Free Markets, Free People


Howard Dean: The crazy uncle in the attic

I say that in the title fully understanding that in reality Howard Dean reflects how some (many?) on the liberal side of the house actually feel, or perhaps a better way of saying that is how they delude themselves into feeling.  Take this for instance … Howard Dean on the Wisconsin recall election:

DEAN: First of all, we look at Wisconsin as a win. We, which is not reported in the mainstream media, we picked up a senate seat, which denies Scott Walker a majority in the senate. So we put the breaks on him at least until the next election season. Secondly, you know, I always thought the base would come around because, as they like to say in Obama-land, we’re not running against the Almighty, we’re running against the alternative. Mitt Romney is well-known among the American people, let alone progressives, as someone who mostly caters to very wealthy Americans, and doesn’t have a lot of understanding or sympathy for those who aren’t. I’m pretty sure we’re in good shape and I’m pretty sure there’s going to be a big progressive turnout.

Wow.  First, the Senate win was an empty win.  The legislature is not in session and with redistricting (which was done by the Republican legislature), the “new” Senator will have to again run for the seat before the legislature again meets.  Forecasts say the Republicans will pick up at least one more seat at that time.  So the win is a win in name only.  It means nothing whatsoever until the next election.

Second … does anyone, given the turn out in Wisconsin, believe that line of crap about “progressive turnout”?  And even if progressives do turn out, they’re what, 25% of the electorate tops?  It isn’t the progressives who are going to re-elect Barack Obama.  It is the big middle who is deserting him right now.

But, that said, I just don’t see a big progressive turnout in the cards either.

Dean, however, is going to stay on message no matter how ridiculous it sounds:

REPORTER: Are you seeing a difference in the mood here compared to previous years? Last year, there were some combative moments and this time around it seems, so far anyway—

DEAN: Again, it’s the fourth quarter. I’ve had my differences with the administration, particularly over health-care policy, but this is the fourth quarter. I always used to say when I was DNC chair we’re going to elect a Democratic president and hold their feet to the fire to make sure they behave like Democrats. In the fourth quarter, everybody’s on the same team again—we’ve got to win this game. I hesitate to think of what’s going to happen to the budget deficit, because of course the Republicans are the biggest creators of budget deficits, should Mitt Romney win and have a Republican House and a Republican Senate. We’ll get a big turnout.

Yup, that’s sort of the same message about teams that you hear on the GOP side. Everyone get onboard.

However, in the real world, it seems that the team forming on the right is much more enthusiastic (at least at this point) than the one on the left, and on the right they don’t even have an official nominee yet.

As for the budget nonsense – boilerplate crap that adheres to the discredited spin that Obama has spent less than any president in 60 years.  Only progressives believe that, apparently.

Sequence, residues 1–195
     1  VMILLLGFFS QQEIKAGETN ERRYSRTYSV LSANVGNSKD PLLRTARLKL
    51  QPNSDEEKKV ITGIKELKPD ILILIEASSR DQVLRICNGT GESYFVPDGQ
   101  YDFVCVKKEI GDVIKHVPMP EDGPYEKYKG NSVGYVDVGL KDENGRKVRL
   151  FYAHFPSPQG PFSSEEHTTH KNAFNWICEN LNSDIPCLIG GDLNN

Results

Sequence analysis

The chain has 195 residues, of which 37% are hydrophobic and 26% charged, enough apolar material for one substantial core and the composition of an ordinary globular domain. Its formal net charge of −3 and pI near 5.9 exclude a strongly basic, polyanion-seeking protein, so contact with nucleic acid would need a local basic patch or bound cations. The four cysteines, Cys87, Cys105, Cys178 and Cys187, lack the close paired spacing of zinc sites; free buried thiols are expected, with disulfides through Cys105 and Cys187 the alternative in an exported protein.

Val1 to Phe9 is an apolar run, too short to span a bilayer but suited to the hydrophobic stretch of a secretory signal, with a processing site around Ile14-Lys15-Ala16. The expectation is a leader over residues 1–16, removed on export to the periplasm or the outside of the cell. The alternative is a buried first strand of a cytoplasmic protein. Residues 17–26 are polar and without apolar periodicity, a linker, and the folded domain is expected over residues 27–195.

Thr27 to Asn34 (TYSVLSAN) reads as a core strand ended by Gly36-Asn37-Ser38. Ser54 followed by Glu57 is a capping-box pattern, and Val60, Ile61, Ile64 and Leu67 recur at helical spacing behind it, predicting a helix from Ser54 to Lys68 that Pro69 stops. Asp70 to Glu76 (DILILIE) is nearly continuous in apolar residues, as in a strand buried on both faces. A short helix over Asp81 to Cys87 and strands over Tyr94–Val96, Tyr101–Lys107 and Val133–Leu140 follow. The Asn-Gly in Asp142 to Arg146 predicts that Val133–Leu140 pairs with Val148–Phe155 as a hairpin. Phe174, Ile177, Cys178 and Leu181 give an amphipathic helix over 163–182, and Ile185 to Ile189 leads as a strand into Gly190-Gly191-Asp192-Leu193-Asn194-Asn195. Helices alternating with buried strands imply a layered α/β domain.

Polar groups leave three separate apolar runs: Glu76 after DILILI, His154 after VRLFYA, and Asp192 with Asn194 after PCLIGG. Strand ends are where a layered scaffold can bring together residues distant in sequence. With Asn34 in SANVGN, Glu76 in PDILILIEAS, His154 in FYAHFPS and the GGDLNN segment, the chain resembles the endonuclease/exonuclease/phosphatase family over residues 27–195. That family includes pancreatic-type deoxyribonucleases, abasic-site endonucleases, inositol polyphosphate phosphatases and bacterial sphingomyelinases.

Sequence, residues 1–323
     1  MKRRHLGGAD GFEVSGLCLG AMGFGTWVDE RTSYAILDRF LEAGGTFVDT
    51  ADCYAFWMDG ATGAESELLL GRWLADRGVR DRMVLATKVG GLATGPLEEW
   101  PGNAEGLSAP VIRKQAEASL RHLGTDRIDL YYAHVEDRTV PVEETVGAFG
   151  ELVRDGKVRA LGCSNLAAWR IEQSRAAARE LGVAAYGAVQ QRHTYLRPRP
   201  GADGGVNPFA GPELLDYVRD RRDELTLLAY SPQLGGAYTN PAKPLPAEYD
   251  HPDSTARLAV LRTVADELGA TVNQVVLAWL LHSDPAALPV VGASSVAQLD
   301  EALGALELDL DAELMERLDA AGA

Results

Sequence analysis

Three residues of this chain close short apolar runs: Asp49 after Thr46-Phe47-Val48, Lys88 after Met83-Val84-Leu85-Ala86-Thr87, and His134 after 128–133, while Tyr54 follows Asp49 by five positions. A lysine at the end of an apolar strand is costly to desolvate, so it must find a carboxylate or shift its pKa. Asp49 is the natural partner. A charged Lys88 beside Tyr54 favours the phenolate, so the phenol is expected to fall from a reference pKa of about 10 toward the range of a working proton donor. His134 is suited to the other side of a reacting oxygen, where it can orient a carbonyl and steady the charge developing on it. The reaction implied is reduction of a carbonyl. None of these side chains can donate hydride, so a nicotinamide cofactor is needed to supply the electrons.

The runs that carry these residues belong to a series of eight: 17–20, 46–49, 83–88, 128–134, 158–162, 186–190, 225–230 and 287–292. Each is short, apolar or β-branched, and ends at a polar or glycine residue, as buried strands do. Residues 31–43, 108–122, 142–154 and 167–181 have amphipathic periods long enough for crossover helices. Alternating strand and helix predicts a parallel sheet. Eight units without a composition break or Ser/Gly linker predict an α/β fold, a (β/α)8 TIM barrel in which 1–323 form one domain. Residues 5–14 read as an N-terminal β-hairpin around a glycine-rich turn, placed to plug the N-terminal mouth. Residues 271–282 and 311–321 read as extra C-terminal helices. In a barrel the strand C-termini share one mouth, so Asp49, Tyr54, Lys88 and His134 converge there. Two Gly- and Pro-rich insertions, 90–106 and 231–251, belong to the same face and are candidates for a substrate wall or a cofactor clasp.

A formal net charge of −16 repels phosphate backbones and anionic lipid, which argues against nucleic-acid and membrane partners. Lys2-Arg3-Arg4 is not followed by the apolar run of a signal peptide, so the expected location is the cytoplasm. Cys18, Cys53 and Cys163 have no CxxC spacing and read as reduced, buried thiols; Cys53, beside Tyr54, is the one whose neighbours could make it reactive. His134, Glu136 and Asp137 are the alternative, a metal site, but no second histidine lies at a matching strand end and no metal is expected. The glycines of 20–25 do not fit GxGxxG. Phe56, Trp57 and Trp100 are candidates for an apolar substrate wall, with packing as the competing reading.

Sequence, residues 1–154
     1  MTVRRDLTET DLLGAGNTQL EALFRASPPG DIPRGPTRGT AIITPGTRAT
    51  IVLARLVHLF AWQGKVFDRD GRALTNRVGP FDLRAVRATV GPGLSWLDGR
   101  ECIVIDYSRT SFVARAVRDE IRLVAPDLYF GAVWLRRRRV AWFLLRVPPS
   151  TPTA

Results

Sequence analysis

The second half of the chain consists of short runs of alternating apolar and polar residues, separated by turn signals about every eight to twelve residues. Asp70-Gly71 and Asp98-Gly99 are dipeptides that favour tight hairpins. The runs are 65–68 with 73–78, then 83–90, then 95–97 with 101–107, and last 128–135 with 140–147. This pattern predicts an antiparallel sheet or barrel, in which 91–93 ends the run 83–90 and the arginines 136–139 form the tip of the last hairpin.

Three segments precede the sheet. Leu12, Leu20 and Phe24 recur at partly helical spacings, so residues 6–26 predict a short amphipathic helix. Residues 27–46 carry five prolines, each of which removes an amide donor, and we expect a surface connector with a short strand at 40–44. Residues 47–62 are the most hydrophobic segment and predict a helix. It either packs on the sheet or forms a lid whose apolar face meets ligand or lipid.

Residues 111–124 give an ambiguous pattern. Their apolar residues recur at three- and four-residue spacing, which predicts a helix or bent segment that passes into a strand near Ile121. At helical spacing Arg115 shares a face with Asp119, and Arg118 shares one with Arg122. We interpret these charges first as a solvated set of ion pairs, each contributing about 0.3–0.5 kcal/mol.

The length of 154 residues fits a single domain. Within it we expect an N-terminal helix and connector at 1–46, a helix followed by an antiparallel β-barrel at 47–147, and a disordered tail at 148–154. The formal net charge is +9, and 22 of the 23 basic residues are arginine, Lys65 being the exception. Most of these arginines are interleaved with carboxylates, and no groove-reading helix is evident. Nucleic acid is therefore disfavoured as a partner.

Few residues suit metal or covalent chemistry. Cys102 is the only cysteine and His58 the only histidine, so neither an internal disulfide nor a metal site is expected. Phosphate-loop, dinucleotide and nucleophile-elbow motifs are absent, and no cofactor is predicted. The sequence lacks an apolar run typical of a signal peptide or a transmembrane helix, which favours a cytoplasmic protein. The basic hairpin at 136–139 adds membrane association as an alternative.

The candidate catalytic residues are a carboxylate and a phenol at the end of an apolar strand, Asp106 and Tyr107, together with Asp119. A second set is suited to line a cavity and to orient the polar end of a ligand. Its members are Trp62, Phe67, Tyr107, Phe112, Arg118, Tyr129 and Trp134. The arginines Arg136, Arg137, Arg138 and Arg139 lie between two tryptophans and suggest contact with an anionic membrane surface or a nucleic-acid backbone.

REPORTER: Do you think there’s a change in the relationship between the Democratic base and labor in particular? I’ve talked to a couple activists here who say they’re a little dispirited, that they don’t know whether engaging in electoral politics is the best role for labor unions after Wisconsin.

DEAN: Well, I think the parameters have changed dramatically. The old politics is not going to work anymore. We’re not going to be able to outspend the Republicans under the circumstances of Citizens United, so I think we’re going to have to look for a different kind of politics. I think that the campaign, actually, in Wisconsin—the principal problem there was not being outspent; the principal problem there was people were tired of elections. Had they waited another three months, they might have gotten an indictment in the administration, and that would have been significant grounds to throw out a sitting governor—and I think a lot of people would think so. The most interesting thing about the Wisconsin race was that about 10 percent of the electorate that voted to keep Walker, also said they would vote for Obama in the fall, which gave Obama the state. We’ll see. I’m not one of those who thought last week was a bad week for the Democrats. I actually thought last week was a good week for Democrats.

Tired of elections?  That’s why record numbers turned out and resoundingly thumped the recall effort?  We’ve already seen the “outspent” nonsense debunked.   If your fall back to an electoral debacle is “people are tired of elections” given the turnout and result, you’re out of credible ideas and just pumping out hot air. 

Dean, along with perhaps Debbie Wasserman-Shultz and David Axlerod are about the only people in America that thought last week was a “good week for Democrats”.   That said, I wish them many more like it.

REPORTER: How about in the fall? Do you think that when it comes to Obama communicating with the base and doing things that will energize the base, is there anything that you’d like to see him do between now and then?

DEAN: I’d like to see him keep hammering away at Romney’s—the one thing, you’ve got to hammer at people’s beliefs. You can’t sort of convince people that, for example as the Republicans have been trying to do, that the problem with the president is that he was born in Kenya—that’s just not going to work. You don’t have to convince people that Romney only cares about rich people, because that’s what they believe already. So you just have to keep hammering that message home, that this is not a guy who understands you. And I think we’re going to win.